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New Guidelines for Journalists Reporting Domestic Abuse

23 Aprjournalist typing out new guidelines for domestic abuse reporting

The Independent Press Standards Organisation (IPSO) has announced the introduction of some guidelines for journalists when reporting on domestic abuse stories. The purpose of the guidelines is to prevent insensitive reporting of cases, which has caused great distress for families and friends of victims. The announcement followed a campaign from feminist organisation Level Up, with a petition that attracted over 20,000 signatures and a Twitter account that highlights examples of insensitive reporting.

Independent Regulator

IPSO is the independent regulator for most of the UK’s newspapers and magazines. They hold these publications to account – ensuring reporting is fair and accurate, and maintaining a high standard of journalism. All members of IPSO must follow the Editors’ Code, which is a framework to maintain high professional standards and allow publications to self-regulate. 

The Editor’s Code offers guidance on how to report on crime and other potentially sensitive stories but does not currently have any guidance on how to report on cases of domestic abuse. Level Up identified five key areas where IPSO could provide guidance for journalists reporting domestic abuse.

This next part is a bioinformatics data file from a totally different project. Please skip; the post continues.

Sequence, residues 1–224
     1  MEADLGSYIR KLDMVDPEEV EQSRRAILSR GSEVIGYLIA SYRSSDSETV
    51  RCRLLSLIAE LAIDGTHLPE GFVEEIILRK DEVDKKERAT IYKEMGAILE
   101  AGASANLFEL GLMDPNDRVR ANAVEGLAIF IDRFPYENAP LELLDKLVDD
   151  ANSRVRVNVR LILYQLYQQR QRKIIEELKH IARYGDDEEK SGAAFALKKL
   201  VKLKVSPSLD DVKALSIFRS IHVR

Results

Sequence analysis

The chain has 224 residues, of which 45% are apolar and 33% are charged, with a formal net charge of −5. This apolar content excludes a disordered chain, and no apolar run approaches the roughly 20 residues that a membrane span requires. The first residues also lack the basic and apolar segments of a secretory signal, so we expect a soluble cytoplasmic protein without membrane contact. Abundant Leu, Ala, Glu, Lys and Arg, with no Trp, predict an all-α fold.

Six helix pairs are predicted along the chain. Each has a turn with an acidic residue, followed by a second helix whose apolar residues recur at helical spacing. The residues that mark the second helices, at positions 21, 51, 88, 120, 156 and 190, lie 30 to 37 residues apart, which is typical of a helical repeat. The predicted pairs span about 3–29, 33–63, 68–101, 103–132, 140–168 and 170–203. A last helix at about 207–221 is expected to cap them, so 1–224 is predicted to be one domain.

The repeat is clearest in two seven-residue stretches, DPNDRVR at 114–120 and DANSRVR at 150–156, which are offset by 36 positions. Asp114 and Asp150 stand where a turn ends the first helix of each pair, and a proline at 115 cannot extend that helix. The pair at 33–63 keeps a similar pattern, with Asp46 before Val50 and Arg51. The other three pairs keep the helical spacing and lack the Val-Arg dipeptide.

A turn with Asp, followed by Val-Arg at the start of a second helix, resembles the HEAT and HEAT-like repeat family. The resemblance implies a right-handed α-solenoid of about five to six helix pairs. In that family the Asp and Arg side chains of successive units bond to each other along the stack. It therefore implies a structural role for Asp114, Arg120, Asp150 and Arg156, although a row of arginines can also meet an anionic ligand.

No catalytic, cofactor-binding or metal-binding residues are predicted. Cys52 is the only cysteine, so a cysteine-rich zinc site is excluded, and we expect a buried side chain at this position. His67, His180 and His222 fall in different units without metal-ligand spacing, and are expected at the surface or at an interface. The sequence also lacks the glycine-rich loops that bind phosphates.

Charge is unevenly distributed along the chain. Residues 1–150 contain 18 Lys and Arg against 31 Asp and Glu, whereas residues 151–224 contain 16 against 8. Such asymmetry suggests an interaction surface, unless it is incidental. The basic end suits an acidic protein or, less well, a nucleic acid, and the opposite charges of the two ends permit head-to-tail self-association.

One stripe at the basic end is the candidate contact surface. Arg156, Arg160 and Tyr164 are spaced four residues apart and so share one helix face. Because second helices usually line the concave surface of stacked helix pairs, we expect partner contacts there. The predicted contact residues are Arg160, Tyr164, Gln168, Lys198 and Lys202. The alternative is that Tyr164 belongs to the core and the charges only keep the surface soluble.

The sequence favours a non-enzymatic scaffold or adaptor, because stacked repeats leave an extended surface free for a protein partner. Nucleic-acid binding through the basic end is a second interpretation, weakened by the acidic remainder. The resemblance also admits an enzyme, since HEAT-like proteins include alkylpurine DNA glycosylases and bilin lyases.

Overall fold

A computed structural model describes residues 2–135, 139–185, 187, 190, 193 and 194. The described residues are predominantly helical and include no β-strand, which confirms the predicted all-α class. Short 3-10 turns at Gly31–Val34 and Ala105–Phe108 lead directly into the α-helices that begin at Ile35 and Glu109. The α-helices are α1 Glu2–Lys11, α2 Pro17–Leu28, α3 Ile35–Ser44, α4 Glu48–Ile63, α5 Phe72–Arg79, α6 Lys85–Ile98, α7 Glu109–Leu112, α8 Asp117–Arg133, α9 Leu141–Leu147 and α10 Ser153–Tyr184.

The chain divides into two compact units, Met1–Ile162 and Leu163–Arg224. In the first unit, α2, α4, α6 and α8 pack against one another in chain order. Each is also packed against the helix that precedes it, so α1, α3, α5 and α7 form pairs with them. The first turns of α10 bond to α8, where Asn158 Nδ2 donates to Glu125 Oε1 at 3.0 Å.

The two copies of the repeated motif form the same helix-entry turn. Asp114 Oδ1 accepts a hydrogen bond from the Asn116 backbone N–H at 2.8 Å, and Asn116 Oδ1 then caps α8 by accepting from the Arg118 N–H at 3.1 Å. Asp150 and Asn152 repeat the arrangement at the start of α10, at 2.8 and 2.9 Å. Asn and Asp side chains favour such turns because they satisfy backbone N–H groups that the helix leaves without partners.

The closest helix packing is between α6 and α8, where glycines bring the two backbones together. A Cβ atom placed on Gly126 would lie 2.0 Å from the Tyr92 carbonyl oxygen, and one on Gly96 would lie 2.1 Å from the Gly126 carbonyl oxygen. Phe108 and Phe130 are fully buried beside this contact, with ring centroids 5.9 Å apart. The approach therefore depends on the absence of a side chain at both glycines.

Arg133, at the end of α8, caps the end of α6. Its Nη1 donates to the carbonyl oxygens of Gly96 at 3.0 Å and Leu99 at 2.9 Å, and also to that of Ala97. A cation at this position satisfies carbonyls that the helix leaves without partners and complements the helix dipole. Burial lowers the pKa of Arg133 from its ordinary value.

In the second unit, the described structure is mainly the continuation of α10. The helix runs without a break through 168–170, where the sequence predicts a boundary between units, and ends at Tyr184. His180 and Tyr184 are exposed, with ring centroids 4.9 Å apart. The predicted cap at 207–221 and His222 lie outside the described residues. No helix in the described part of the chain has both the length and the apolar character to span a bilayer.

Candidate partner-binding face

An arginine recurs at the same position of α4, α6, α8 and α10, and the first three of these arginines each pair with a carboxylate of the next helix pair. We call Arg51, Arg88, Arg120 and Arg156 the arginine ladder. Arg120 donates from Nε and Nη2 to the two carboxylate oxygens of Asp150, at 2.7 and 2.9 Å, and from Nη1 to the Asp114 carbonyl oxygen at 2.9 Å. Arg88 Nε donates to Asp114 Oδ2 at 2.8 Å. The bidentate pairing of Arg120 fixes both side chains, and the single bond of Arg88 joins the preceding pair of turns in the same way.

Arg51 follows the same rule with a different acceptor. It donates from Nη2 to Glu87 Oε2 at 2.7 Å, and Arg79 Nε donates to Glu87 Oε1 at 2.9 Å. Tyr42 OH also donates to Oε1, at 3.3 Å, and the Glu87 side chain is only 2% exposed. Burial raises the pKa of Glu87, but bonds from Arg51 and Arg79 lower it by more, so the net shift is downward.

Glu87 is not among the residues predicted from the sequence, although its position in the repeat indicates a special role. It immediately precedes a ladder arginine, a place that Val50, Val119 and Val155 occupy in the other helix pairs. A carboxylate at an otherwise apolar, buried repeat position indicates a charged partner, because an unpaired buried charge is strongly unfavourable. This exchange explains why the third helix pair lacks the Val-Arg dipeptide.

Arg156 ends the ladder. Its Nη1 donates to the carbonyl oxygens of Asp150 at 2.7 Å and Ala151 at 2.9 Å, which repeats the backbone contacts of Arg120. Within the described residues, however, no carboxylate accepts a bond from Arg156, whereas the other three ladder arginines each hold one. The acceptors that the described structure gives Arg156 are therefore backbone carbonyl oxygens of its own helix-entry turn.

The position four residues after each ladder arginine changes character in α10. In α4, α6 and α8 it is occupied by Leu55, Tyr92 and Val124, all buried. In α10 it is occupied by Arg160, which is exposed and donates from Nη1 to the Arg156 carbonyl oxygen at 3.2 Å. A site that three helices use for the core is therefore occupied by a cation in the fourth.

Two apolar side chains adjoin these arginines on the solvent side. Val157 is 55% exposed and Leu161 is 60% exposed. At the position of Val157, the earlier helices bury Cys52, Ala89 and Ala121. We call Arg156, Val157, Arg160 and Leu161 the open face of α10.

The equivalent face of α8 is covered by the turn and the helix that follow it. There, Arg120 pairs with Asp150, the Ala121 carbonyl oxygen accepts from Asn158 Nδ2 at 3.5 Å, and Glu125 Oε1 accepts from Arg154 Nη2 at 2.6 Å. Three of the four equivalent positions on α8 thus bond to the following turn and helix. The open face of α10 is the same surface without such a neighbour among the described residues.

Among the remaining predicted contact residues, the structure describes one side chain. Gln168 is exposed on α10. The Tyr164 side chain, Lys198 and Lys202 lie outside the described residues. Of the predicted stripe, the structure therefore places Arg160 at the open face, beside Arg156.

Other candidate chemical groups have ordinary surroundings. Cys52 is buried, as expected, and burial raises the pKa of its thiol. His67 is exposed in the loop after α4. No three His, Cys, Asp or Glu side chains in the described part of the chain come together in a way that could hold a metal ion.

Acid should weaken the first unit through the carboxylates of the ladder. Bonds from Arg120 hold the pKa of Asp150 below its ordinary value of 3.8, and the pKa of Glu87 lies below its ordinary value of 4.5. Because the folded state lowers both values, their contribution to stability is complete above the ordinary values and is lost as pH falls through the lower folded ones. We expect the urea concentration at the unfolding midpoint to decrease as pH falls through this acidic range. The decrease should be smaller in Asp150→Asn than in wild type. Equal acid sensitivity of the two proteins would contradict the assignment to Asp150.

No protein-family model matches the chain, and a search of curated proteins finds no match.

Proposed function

• Accountability. Place responsibility solely on the abuser, which means avoiding speculation about “reasons” or “triggers”. Abuse should not be described as an uncharacteristic event. Homicides in particular are usually underpinned by a longstanding sense of ownership, coercive control and possessive behaviours: they are not a random event.
  • Accuracy. Name the crime as domestic violence, instead of “tragedy” or “horror”, and include the National Domestic Violence Helpline at the end of the article: 0808 2000 247.
  • Dignity. Avoid sensationalising language, invasive or graphic details that compromise the dignity of the dead woman or her surviving family members.
  • Equality. Avoid insensitive or trivialising language or images.
  • Imagery. Avoid using stock images that reinforce the myth that domestic abuse is only a physical crime.

The media is a fantastic tool to raise awareness of domestic abuse, especially coercive control which is often not widely recognised. Increasing public understanding of the complexities of domestic abuse could encourage more people to access support.

We hope that the proposed guidelines will be universally adopted and lead to a more sensitive approach to reporting on domestic abuse. Sharing details of helplines and support services will increase people’s awareness that there is help available. 

The National Domestic Violence Helpline number is 0808 2000 247

Leeway have a 24-hour emergency contact number for people who are experiencing domestic abuse in Norfolk and Suffolk: 0300 561 0077

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